The UK’s business and energy secretary has defended the role of the oil and gas industry in the transition to net zero.
Kwasi Kwarteng says the government cannot simply turn its back on the sector and the “250,000 people in this country” that rely upon it for work.
He also made the case for domestic supply, arguing that oil and gas produced in the North Sea is “much cleaner” than in other parts of the world.
That has resulted in a steady rise in calls for Westminster to terminate North Sea production and prioritise green energy.
There are fears that doing so however would forego thousands of jobs and stifle the UK’s efforts to create the technology needed for net zero.
And without addressing demand for oil and gas, it would also force a rise in imports, meaning the benefits of production would be offshored.
In a video shared on Twitter, Mr Kwarteng said: “You can’t simply turn your back on an industry overnight. You can’t simply flick it off like a light switch and then forget about it.
Turning off North Sea oil and gas would put energy security, British jobs and new industries at risk – and we’d just end up importing more from abroad
This has to be a transition, not extinction 👇🏾 pic.twitter.com/sSpVnaQAKf
— Kwasi Kwarteng (@KwasiKwarteng) February 9, 2022
“You’ve got 250,000 people in this country who work in the oil and gas sector and they have a livelihood. Beyond that, if we were to switch it off, we’d still import the stuff from around the world, which doesn’t make any sense at all. Our system for producing oil and gas is much cleaner than in many other jurisdictions.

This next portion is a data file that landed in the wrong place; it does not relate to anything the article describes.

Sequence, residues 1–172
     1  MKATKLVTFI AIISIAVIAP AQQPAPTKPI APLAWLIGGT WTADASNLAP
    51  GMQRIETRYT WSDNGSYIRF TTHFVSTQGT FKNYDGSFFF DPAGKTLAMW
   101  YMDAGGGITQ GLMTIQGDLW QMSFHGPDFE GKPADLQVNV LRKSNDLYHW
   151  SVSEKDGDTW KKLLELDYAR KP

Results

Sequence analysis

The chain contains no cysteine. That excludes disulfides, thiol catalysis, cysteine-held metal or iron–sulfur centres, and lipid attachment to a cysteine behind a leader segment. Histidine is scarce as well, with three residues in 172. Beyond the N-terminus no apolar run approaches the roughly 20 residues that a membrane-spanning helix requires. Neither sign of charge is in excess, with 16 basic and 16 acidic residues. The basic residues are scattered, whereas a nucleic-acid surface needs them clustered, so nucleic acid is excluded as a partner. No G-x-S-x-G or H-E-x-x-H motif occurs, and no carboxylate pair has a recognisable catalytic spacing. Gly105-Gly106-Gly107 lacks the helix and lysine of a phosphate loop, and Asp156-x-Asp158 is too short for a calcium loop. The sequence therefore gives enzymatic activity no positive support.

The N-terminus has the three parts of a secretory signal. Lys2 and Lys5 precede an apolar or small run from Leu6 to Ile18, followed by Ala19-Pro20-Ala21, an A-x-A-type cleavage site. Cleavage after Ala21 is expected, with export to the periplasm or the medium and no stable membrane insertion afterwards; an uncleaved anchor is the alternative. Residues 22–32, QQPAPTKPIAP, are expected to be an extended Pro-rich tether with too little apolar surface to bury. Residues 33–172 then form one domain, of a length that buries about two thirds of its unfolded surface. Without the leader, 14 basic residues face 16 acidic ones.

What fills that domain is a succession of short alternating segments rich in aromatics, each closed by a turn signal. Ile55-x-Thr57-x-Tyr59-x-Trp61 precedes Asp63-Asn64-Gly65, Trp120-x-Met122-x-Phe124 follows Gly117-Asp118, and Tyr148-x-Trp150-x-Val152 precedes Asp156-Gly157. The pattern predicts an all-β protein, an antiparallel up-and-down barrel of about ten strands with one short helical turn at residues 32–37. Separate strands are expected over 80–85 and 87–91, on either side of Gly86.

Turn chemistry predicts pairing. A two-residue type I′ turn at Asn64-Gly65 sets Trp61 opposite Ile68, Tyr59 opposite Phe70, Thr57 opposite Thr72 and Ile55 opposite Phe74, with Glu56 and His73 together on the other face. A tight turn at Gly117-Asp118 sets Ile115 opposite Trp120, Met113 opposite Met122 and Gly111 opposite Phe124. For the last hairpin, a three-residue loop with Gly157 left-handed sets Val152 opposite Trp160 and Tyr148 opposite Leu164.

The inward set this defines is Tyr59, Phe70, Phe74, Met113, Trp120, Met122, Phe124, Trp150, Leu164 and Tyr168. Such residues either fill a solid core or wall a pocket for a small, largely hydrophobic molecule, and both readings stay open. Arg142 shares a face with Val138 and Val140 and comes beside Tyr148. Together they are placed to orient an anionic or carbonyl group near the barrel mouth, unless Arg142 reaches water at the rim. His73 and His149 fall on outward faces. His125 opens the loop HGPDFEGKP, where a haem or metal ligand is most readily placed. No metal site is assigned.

“The whole point is it’s a transition; we’re transitioning to net zero, not simply switching the light switch off of a very important industry.”
The debate rumbles on
Though the pace of change may not be quick enough for some, many oil and gas companies have already made big strides to transform their operations.
Supermajors BP, Shell and TotalEnergies all secured leases in ScotWind, opening the door for them to build huge offshore wind farms in Scottish waters.
Other oil and gas companies, like Equinor, Eni and Neptune Energy, are involved in carbon capture and storage projects that will help to decarbonise hard to abate sectors.
On an oil and gas front, firms are working with the regulator to bring down the environmental footprint of producing fossil fuels through the likes of platform electricfication.
Nevertheless some regard these moves as a public relation stunt, and point to the sums that companies are still spending on their hydrocarbon operations.
The term ‘greenwashing’ has become ubiquitous in debate around the energy transition, with climate campaigners and politicians accusing North Sea companies of trying to shroud their true intentions.